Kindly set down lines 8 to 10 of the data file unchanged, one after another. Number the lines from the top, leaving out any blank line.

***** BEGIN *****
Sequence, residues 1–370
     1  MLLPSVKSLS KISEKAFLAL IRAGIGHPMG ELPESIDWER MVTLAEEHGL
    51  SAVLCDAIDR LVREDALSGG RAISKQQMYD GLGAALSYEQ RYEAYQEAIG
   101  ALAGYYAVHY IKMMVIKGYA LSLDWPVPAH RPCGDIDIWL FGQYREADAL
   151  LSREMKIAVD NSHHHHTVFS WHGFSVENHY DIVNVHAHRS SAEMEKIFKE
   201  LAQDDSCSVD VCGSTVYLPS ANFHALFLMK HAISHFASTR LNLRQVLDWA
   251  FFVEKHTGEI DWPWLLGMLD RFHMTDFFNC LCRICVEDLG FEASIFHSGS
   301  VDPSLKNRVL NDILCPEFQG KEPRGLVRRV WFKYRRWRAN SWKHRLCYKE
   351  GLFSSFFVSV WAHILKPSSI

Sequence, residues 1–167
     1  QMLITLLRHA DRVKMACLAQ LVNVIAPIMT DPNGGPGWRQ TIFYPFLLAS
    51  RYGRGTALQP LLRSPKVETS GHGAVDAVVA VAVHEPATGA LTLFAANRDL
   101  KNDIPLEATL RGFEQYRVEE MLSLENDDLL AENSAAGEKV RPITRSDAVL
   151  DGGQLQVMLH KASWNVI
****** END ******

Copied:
   301  VDPSLKNRVL NDILCPEFQG KEPRGLVRRV WFKYRRWRAN SWKHRLCYKE
   351  GLFSSFFVSV WAHILKPSSI

Sequence, residues 1–167